Cosmetic gyn continues to grow during the recession

Though the recession has blunted overall demand for cosmetic surgeries, one subcategory appears to be entering a growth phase, at least judging from the fifth annual Congress on Aesthetic Vaginal Surgery, held late last year in a luxury resort outside Tucson. There, about 60 doctors, most of them OB-GYNs, converged to discuss the expanding field of “cosmetic-gyn”—elective surgeries for women seeking to “rejuvenate” and/or “beautify” their vaginas. Attendance at the conference has been increasing by about 20 percent each year—one doctor there explained that his services are in such demand, he has multiple operating rooms so he can move quickly from one surgery to the next—and last year a competing conference was held at the Venetian in Las Vegas.

The affable organizer of the Tucson event, Dr. Red Alinsod, was an early entrant into cosmetic-gyn, and is recognized for inventing the procedure in which the labia minora are completely amputated to create a “smooth” genital look known in the field as “the Barbie.” Though he began his career by winning a prestigious fellowship in gynecology-oncology at Yale in 1990, Alinsod now spends his days making genitalia “look pretty” for the wealthy patients who flock to his Southern California practice from all over the world. He is also an evangelist for the field, spreading its lucrative gospel to fellow doctors tired of toiling in the time-intensive and high-liability fields of traditional obstetrics and gynecology.

Interest in cosmetic-gyn has been explained by such cultural shifts as the trickle-up effect of porn aesthetics and, relatedly, the popularity of the “Brazilian” wax, which leaves the genital area bare and thus subject to closer scrutiny. But the breakthrough moment for the field, cited by several presenters at the conference, was the appearance on the reality-TV plastic-surgery show Dr. 90210 of David Matlock, an OB-GYN turned full-time cosmetic-gyn specialist.

Cosmetic-gyn is part of a broader trend in medicine, away from the traditional model of insurer-reimbursed, professionally sanctioned procedures and toward a simple fee-for-service model. The surgeries themselves are controversial: in 2007, the American Congress of Obstetricians and Gynecologists issued an opinion advising against vaginal cosmetic procedures, and one committee member scathingly declared, “The absence of data supporting the safety and efficacy of these procedures makes their recommendation untenable.” The American Board of Obstetrics and Gynecology, meanwhile, refuses to recognize cosmetic-gyn as a legitimate subspecialty.

As a practical matter, this rejection by medical gatekeepers means that, for now at least, cosmetic-gyn has virtually no oversight and no credentialing requirements. At the conference, doctors were encouraged to view themselves as entrepreneurs marketing their services to consumers, with all that entails: sessions covered everything from search engine optimization for doctors’ Web sites to “The Blue Plate Special,” a urogynecologist’s advice on how to persuade a patient to add cosmetic-gyn to an incontinence surgery. The Web site of one ahead-of-the-curve doctor featured not only a $500 coupon but also “Patriot Program” discounts for federal employees and military personnel. One conference presenter summed up the new dynamic: “Retail plus medicine equals ‘retailicine.’”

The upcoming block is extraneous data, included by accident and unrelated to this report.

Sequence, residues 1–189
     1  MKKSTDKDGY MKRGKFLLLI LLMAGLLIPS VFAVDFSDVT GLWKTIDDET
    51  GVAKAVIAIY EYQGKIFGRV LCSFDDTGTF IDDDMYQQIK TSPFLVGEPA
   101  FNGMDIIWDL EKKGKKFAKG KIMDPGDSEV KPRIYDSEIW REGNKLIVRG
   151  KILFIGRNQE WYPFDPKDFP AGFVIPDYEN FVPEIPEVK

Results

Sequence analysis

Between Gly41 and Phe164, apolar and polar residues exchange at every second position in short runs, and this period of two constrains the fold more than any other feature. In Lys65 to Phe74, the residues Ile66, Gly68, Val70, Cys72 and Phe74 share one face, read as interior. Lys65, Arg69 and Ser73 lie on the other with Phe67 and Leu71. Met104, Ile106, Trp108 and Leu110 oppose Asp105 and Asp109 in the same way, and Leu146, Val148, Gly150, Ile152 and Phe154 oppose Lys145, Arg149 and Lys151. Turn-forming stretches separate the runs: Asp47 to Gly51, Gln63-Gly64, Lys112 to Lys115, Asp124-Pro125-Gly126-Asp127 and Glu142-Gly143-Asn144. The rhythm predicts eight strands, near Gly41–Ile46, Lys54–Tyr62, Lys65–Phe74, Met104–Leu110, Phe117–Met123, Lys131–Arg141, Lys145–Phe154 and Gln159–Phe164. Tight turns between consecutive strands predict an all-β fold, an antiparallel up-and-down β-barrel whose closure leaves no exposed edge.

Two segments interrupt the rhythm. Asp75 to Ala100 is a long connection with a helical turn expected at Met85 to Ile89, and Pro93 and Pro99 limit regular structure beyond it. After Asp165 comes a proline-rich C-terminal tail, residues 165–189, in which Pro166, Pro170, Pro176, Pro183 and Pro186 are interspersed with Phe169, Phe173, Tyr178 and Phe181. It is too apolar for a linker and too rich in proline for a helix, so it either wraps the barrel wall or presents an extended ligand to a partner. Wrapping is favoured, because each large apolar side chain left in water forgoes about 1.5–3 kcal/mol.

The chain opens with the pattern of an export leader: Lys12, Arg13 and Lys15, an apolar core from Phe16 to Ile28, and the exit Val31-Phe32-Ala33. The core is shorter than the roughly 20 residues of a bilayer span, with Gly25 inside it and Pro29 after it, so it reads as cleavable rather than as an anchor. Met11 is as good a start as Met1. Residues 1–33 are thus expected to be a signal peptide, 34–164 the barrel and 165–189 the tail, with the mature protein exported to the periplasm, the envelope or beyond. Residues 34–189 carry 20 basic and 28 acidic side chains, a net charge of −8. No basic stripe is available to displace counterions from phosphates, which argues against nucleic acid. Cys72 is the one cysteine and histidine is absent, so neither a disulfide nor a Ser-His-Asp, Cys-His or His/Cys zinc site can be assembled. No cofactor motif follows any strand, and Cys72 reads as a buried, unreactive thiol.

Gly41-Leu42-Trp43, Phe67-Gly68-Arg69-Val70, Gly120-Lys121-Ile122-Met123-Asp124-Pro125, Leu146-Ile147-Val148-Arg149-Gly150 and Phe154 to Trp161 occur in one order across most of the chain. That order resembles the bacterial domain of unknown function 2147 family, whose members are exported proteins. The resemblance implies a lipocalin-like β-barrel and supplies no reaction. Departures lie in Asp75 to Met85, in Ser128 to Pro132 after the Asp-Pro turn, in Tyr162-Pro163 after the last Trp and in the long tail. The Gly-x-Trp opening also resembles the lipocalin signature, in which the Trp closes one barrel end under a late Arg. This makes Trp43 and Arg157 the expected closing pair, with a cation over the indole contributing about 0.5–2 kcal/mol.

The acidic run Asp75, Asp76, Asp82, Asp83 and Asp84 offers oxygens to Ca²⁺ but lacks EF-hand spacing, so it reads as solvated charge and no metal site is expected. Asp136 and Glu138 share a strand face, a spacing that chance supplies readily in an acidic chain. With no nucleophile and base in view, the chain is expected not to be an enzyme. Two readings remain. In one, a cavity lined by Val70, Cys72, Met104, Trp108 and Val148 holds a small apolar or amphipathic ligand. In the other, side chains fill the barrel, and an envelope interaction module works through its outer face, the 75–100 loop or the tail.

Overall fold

But for all the talk at the conference about “giving patients what they want,” it was clear that patients aren’t the only—or necessarily the primary—driving force behind the cosmetic-gyn boom. Many of the conference’s OB-GYNs groused that even after they’ve amassed hundreds of thousands of dollars in medical-training debt, their insurance reimbursements are lousy. One doctor said he receives just $1,700 in fees for prenatal care and delivery, and a mere $800 for a hysterectomy. By contrast, a labiaplasty can be done in just a few hours, in-office, for a fee upwards of $5,000 and no “income socialism” to spread the proceeds among hospitals, insurers, and group-practice partners. Underscoring just what this can mean, one conference presenter left his computer’s wallpaper—rotating images of him with his red Porsche 911—up in the background during his PowerPoint lecture. The message was tough to miss: practice cosmetic-gyn, and you too can live the life of a plastic surgeon.

Some doctors at the conference expected, after merely watching videos of the procedures, to return home and begin performing the surgeries immediately, without any further training. But Alinsod and other presenters insisted that the skills necessary to perform these operations can be achieved only through mentored training. Perhaps in recognition of some doctors’ inexperience, one presentation tutored how to avoid malpractice suits and another, on labiaplasty disasters, offered tips on the secondary market of “revision surgery.” Alinsod himself described a trompe l’oeil procedure he had come up with to create the appearance of resurrected labia in the event that a simple trimming job accidentally became a Barbie.

For now, the cosmetic-gyn phenomenon seems confined largely to the coasts, and especially to body-conscious Southern California. But the feeling at the conference was that opportunity abounds. As one presenter noted, “The Midwest is a wide-open market!”

Marie Myung-Ok Lee is a novelist and a regular contributor to Slate. She teaches at Brown University can be reached on Twitter and Facebook, and will be appearing at the Yale Medical School for their Program for Humanities in Medicine on December 15, 2011. This article originally appeared in The Atlantic, and is reprinted with the author’s permission.

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